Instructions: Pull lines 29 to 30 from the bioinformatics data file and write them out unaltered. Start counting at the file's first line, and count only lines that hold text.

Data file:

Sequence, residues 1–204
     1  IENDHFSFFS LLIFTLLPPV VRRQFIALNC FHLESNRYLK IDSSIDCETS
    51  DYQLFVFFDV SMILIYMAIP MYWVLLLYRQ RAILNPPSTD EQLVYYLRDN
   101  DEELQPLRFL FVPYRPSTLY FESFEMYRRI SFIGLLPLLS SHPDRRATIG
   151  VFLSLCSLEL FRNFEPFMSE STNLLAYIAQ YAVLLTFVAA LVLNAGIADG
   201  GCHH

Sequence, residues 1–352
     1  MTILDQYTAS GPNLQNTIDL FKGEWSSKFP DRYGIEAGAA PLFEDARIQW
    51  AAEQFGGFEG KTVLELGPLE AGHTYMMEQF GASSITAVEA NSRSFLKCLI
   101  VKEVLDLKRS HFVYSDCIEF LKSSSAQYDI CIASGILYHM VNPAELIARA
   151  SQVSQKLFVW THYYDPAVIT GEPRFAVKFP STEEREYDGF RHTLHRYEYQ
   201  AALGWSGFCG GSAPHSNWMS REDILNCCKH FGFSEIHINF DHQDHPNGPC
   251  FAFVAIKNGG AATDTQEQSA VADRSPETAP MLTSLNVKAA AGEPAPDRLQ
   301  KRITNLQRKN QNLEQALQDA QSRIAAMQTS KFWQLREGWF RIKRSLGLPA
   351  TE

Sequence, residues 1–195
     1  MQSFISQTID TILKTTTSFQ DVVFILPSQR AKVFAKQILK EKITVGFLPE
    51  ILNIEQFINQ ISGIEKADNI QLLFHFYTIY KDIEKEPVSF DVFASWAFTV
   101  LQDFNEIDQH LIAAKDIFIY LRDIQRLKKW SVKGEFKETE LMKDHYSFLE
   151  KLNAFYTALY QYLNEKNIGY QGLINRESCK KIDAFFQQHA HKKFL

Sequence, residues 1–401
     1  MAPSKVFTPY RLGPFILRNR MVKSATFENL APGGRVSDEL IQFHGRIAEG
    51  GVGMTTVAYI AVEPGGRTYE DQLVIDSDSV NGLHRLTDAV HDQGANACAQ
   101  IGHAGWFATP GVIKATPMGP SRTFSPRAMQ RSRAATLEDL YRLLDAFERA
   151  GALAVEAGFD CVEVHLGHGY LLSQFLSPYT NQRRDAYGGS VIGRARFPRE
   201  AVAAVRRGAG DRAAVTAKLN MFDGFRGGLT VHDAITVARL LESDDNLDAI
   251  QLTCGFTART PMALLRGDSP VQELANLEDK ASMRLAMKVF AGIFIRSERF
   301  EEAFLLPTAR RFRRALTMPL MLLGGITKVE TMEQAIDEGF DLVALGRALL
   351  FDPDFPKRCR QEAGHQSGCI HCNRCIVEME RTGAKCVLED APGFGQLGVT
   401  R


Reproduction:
   351  FDPDFPKRCR QEAGHQSGCI HCNRCIVEME RTGAKCVLED APGFGQLGVT
   401  R